In my previous blog entry, I explored my personal experiences with adversity and discomfort. I argued that these terms are consistently misunderstood and undervalued. I concluded by encouraging the use of discomfort as a tool, as fuel to authenticity, and as something to honor.
I am living proof that ‘adversarial growth’ is a powerful phenomenon that works incredibly well.

Suffering produces endurance, and endurance produces character, and character produces hope.
— Saint Paul

Why does the human condition seem bound to this rule of achieving growth through adversity? 

  • Does Carl Jung’s quote hold true, whereby, "the word 'happiness' would lose its meaning if it were not balanced by sadness."?

What degree of adversity does one have to experience in order to achieve a certain degree of happiness?

  • Does Newton’s 3rd law apply in this investigation, whereby, “every action has an equal and opposite reaction”?

To provide further context on my investigation, you could ironically say that up to this point, I have lived a very imbalanced life, in dominating favor of happiness, protected from trauma, tragedy, and sadness. For this, I am grateful to my amazing parents. It is from them that I have a set of core values that enable me to empower others. It is this life free of fear that I am able to think as openly and existentially as I do. It is through this reflection on my imbalance, in favor of happiness, that I am enthusiastically curious to solve for a universal unknown.

To churn this argument through, based on my own experiences, I would argue that the degree of my happiness, comfort, and success outweigh the degree of my sadness, discomfort, and adversity. I've grown much more than I've suffered. I value the positive much more than the negative. I believe that on the absolute, my life is more happy than sad. 

So what now? What are you alluding to Julian?!?!

Perhaps there is no quantifiable answer to this phenomenon. Perhaps there is no objective answer to a subjective question. It may be that I am just sharing my process of thought with no aim to solve for x, or to answer the unanswerable, or to reach a destination. 

I realize that our hypotheses and questions are bound by what we know, how we think, and why we think. And those factors are valid based on what others know, how others think, and why others think. 
This philosophical reasoning  takes me to my conclusion.


My first ever serious girlfriend had always used this phrase when we would argue. I didn't quite understand it at the time, but I realize now that we each have our own eyes, ears, thoughts, opinions, upbringing, and relative context to which we receive and perceive the world we live in.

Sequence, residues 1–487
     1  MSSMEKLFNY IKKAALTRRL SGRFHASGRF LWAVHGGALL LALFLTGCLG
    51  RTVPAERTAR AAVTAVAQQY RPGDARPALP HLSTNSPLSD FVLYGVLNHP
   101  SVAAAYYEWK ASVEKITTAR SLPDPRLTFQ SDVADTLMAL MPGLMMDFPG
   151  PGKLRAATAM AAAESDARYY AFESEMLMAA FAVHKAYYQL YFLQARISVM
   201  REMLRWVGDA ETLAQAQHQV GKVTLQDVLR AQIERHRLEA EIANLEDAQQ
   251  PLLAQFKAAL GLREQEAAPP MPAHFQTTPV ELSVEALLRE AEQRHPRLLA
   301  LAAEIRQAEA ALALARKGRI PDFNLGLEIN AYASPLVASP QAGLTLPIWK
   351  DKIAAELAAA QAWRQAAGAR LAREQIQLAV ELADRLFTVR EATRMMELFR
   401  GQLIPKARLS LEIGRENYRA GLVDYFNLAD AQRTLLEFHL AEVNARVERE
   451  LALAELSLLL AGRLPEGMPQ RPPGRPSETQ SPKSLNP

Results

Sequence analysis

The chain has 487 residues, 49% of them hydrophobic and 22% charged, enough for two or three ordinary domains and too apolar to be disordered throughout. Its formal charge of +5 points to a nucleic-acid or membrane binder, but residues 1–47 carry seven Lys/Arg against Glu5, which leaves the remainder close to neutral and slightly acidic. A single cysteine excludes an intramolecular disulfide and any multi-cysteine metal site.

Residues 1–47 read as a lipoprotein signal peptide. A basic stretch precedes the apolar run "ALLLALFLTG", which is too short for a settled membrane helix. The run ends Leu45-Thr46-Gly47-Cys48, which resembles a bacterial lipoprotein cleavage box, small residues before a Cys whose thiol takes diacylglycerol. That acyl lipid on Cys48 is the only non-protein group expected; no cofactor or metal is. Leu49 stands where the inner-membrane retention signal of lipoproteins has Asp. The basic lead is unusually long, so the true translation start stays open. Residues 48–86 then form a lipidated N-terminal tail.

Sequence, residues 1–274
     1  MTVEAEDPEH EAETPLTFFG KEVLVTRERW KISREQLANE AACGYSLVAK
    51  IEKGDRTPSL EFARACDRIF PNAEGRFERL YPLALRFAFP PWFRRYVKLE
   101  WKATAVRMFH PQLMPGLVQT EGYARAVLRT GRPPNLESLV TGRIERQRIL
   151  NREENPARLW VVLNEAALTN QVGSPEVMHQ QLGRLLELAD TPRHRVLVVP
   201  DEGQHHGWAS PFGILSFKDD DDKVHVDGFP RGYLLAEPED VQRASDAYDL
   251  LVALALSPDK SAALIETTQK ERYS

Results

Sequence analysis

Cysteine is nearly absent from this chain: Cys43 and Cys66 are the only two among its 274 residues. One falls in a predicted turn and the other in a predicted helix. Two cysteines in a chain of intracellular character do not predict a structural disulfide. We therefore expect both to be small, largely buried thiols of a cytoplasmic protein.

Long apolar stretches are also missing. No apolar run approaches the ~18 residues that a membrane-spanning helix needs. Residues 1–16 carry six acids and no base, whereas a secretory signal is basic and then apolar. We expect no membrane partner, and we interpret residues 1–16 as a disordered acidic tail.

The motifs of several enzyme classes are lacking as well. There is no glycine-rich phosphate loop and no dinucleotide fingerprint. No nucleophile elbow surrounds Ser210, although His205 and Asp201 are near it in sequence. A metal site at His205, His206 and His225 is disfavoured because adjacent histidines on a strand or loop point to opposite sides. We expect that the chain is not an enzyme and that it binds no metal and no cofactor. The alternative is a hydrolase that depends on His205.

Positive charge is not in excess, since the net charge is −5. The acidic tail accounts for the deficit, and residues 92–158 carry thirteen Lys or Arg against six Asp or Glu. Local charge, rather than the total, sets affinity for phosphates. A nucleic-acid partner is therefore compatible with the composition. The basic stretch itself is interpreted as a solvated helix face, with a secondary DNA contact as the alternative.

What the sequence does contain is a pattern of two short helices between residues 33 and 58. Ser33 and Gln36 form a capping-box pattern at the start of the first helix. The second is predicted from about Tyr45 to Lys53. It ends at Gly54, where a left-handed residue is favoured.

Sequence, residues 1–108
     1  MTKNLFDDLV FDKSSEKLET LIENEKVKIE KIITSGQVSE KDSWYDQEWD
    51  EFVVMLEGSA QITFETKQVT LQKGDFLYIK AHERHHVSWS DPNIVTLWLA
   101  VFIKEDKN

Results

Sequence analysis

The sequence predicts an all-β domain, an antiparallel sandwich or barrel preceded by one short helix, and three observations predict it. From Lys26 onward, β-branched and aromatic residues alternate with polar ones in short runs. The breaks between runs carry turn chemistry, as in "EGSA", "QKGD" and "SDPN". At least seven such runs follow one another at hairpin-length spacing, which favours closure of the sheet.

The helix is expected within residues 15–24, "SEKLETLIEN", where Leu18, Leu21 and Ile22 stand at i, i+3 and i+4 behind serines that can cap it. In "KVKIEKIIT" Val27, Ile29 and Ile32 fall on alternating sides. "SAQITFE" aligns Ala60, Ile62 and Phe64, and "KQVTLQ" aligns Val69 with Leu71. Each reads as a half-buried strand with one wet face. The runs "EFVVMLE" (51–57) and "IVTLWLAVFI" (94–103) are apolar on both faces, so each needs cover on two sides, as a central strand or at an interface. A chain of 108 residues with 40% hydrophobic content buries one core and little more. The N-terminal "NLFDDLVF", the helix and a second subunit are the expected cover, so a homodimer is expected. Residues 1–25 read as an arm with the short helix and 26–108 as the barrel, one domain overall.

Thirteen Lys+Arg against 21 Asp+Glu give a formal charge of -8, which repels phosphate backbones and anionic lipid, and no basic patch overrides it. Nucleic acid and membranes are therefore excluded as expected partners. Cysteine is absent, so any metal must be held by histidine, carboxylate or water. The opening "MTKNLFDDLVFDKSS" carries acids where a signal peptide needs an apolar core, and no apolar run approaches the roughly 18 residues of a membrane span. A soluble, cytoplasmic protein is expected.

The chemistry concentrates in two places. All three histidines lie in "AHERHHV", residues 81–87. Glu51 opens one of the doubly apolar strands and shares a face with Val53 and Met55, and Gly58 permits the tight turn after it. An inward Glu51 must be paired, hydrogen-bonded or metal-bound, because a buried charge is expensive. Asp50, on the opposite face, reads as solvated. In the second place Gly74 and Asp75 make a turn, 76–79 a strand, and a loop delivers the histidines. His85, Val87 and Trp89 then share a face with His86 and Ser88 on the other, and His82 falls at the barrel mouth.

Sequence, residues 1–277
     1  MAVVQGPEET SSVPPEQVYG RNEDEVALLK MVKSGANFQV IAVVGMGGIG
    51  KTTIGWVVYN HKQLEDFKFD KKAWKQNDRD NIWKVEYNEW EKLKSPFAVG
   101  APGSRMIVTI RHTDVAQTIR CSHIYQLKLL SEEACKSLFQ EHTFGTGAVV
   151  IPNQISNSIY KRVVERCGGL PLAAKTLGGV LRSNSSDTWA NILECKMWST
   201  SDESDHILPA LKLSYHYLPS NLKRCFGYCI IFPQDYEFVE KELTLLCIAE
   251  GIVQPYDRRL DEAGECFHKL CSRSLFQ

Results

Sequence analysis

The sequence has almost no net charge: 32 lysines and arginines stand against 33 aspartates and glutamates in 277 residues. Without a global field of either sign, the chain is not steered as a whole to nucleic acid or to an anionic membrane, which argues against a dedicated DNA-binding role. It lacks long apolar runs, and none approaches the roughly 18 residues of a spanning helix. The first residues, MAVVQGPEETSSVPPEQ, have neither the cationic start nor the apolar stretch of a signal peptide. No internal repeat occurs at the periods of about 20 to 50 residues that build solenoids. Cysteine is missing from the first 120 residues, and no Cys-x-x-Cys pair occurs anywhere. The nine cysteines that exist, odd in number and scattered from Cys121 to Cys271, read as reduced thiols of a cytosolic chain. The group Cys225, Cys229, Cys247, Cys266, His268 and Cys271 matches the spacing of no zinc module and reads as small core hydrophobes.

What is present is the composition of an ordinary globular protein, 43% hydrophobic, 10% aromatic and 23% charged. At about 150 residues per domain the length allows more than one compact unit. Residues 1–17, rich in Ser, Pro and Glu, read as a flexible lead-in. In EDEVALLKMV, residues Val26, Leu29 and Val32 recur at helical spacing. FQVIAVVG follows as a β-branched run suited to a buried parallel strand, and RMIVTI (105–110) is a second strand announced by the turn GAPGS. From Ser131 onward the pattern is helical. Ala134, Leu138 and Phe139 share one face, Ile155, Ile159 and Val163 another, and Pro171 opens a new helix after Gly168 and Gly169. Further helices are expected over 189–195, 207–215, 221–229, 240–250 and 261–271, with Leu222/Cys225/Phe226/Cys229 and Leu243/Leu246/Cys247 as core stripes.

RELATIVISM is the concept that points of view have no absolute truth or validity within themselves, but rather only relative, subjective value according to differences in perception and consideration.

Hence emotions like sadness and happiness have no truth or validity within themselves, but only relative to differences in perception and consideration. The perceptions of our emotions hold value when things like moral standards, beliefs, culture, societal norms, and values, are taken into consideration.

At the moment, I believe that feelings and emotions can be experienced to varying depths and degrees. I believe that they are bound to the rate at which we achieve universal understanding. And that understanding is itself constrained by science and progress.

Feelings should be considered neither good or bad, they just are. They should guide us to curiosity, logic, and awareness. They should encourage, create, and inspire beliefs and behaviors that provide learning opportunities to evolve.

With my investigation on:

  1. Adversarial growth

  2. Exploration into the depths of emotion

  3. Relativism

I am thankfully more aware, appreciative, and altruistic. 
I hope my thoughts have made you more aware of your own emotional well-being. 
I hope I have inspired you to be more open with communicating your feelings.
Because at the end of it all, it is the only way we can truly grow together.

Cheers to tears,